Review: The Peanut Butter Falcon

Featured image courtesy of Signature Entertainment

Year: 2019

Runtime: 97 minutes

Directors: Tyler Nilson, Michael Schwartz

 

By Jenni Holtz

 

“The Peanut Butter Falcon” (2019) is a breakout hit from writers and directors Tyler Nilson and Michael Schwartz. Before this, Nilson and Schwartz directed documentaries and short films, so this narrative feature debut is a departure from their typical formats. “The Peanut Butter Falcon” has been very successful thus far. It’s the highest grossest indie film of 2019 for good reason. This modern retelling of the classic tale of “The Adventures of Huckleberry Finn” is a joy to watch. The twangy soundtrack, picturesque setting, and stellar performances work together to set “Peanut Butter Falcon” apart as a film unlike others. 

 

The Peanut Butter Falcon (Signature Entertainment, 18th October) (7)
Courtesy of Signature Entertainment

The film follows Zak (Zack Gottsagen) after he escapes from the treatment center he lives in. Zak has Down Syndrome and wants to live on his own but due to health issues and a lack of family to care for him, he ended up in a treatment center where he does not feel at home. One of his caretakers, Eleanor (Dakota Johnson), expresses to Zak that she knows he doesn’t fit in and that the healthcare system is broken. The two have a special bond which comes into play after Zak sneaks out of the center and Eleanor is tasked with tracking him down. With no money, clothes, or concrete plans, Zak gets incredibly lucky. He meets Tyler (Shia LaBeouf), who is on the run after setting fire to a boat at his workplace. Tyler is pretty annoyed that he has a companion he didn’t ask for, but Zak grows on him. Zak asks Tyler to take him to meet a wrestler who used to run a wrestling school so he can follow his dream. Tyler obliges, mostly as a reason to get out of dodge after committing arson at work. They forge a friendship out of necessity that turns into so much more. Zak has never had a family, so he sees Tyler as a brother and by the end of the film, it’s clear that Tyler sees Zak the same way. Eleanor becomes part of the family, too, when she finds Zak with Tyler and ends up joining them on their journey.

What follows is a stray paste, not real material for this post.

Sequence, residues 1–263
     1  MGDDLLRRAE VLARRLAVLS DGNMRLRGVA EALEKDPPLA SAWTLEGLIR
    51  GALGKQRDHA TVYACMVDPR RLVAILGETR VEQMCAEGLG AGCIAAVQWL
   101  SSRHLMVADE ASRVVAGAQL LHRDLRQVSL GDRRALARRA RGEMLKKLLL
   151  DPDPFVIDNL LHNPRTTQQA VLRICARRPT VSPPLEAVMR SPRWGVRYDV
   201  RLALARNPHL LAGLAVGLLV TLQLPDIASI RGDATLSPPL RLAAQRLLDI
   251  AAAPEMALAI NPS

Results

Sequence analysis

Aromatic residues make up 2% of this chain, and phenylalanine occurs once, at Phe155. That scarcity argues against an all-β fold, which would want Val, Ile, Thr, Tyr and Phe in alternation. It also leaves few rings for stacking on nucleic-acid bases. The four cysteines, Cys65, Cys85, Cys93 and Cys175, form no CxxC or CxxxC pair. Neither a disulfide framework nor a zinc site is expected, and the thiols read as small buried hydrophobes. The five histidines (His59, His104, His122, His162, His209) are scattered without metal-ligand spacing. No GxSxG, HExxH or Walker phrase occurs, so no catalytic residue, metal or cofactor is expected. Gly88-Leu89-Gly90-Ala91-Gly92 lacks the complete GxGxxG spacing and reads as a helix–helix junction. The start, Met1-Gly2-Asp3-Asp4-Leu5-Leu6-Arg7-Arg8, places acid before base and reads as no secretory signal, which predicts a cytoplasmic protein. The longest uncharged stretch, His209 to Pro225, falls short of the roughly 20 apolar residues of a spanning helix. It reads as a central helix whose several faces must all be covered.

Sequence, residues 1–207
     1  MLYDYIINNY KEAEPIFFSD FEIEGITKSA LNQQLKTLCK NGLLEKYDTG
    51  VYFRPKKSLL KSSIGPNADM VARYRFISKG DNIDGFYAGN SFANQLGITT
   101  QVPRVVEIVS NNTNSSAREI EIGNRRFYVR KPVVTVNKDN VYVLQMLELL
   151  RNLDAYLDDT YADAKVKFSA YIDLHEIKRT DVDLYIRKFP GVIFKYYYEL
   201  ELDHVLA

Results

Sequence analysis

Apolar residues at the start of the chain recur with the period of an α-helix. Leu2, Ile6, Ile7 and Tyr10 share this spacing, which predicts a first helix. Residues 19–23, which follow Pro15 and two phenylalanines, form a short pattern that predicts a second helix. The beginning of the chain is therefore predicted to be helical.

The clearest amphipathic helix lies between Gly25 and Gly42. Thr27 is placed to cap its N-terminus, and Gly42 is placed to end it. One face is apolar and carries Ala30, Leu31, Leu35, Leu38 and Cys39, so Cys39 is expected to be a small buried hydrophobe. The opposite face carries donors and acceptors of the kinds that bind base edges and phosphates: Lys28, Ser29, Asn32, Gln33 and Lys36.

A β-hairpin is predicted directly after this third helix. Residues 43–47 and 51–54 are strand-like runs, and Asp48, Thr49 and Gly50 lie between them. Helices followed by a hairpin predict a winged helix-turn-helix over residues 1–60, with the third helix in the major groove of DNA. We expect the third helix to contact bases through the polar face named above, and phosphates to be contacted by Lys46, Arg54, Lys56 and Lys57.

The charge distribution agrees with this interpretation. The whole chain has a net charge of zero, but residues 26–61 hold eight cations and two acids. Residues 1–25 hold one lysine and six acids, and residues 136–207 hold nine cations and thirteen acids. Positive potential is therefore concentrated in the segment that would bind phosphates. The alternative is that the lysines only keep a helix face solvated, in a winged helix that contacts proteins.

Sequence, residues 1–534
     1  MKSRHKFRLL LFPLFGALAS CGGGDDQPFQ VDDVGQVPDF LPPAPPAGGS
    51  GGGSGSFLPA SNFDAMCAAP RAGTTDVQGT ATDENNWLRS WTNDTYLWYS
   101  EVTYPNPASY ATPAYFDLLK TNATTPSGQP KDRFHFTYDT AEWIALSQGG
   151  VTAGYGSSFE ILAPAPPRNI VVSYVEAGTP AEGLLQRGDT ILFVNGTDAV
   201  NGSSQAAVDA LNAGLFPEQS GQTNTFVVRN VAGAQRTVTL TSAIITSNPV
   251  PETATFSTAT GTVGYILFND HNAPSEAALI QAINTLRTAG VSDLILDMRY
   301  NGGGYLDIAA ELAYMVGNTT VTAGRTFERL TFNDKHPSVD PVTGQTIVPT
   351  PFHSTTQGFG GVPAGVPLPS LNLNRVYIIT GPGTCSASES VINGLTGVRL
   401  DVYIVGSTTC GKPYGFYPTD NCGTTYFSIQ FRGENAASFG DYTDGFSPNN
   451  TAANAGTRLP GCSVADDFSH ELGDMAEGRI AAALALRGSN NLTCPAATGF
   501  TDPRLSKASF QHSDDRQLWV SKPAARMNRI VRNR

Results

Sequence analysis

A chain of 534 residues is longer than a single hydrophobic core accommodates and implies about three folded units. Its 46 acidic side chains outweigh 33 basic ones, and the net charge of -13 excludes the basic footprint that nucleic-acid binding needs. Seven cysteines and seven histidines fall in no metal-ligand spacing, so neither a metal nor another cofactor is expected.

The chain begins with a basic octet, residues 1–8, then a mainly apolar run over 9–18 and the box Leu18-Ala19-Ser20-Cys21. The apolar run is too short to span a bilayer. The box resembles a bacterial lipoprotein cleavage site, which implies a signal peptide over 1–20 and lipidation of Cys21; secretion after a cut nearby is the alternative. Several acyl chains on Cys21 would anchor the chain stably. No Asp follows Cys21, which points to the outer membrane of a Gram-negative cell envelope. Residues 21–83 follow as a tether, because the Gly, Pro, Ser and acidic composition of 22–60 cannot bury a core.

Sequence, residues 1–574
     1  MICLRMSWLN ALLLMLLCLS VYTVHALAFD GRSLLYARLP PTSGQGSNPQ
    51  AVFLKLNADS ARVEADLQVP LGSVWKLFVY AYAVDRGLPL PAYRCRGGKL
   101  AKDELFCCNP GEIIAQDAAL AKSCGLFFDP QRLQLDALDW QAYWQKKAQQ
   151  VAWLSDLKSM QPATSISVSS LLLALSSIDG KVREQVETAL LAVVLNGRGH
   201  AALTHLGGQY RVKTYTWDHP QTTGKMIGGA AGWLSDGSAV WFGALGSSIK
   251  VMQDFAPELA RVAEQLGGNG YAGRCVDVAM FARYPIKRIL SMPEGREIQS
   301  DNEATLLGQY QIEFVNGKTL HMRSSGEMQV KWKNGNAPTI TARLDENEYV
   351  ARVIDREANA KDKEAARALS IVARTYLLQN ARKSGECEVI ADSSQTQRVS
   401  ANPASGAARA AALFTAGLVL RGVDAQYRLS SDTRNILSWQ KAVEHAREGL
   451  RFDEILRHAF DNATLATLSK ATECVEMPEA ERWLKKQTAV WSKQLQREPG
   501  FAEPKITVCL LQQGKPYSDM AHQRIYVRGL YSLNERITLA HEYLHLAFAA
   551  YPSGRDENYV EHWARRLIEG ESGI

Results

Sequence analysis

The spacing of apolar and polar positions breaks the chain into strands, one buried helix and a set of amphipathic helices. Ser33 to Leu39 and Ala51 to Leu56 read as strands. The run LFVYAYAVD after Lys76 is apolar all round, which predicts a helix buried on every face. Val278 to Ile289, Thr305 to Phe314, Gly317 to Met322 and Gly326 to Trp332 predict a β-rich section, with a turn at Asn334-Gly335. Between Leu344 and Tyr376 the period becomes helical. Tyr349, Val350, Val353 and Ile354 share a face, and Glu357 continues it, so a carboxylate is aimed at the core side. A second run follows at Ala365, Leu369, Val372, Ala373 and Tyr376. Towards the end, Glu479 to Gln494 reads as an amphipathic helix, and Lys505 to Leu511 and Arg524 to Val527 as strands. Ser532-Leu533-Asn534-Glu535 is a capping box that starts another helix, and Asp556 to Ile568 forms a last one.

SFJ_9939.NEF
Courtesy of Signature Entertainment

“The Peanut Butter Falcon” is an uplifting story about the power of acceptance and chosen family. Unlike many films, it includes a character with Down Syndrome played by an actor who also has Down Syndrome. Too often, characters with disabilities are played by actors who do not have those disabilities, so it is refreshing to see Gottsagen front and center in a movie that doesn’t demonize disability but also does not erase it. The film was written with Gottsagen in mind and he gives an incredible performance. His charisma and passion carry “Peanut Butter Falcon,” making it an unforgettable feel-good movie.

 

4 stars

 

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